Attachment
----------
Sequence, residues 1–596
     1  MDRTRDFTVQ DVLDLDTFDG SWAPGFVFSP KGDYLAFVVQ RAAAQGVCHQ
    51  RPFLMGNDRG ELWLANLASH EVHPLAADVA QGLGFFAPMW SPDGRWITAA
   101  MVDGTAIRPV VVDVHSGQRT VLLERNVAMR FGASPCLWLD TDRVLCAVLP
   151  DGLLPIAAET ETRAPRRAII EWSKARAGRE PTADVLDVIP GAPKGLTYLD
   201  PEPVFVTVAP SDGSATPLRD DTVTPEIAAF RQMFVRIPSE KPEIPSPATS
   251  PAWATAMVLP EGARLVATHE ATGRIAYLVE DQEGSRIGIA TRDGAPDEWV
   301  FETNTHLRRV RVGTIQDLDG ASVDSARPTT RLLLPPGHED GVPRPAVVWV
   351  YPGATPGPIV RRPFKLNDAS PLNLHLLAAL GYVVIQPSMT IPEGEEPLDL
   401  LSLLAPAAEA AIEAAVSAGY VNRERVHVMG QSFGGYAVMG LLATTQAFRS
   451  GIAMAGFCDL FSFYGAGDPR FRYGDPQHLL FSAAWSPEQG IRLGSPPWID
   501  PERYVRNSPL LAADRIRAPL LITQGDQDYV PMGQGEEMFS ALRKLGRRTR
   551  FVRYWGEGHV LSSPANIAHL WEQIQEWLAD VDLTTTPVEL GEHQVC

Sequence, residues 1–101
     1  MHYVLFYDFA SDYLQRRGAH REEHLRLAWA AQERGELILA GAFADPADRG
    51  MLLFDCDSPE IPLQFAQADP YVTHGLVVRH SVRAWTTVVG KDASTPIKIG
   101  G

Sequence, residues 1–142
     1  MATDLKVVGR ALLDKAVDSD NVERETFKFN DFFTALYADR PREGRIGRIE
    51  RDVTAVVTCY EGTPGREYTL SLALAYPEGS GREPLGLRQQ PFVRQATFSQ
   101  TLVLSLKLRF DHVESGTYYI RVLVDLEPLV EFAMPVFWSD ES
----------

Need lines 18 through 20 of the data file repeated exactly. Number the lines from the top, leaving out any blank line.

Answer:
Sequence, residues 1–142
     1  MATDLKVVGR ALLDKAVDSD NVERETFKFN DFFTALYADR PREGRIGRIE
    51  RDVTAVVTCY EGTPGREYTL SLALAYPEGS GREPLGLRQQ PFVRQATFSQ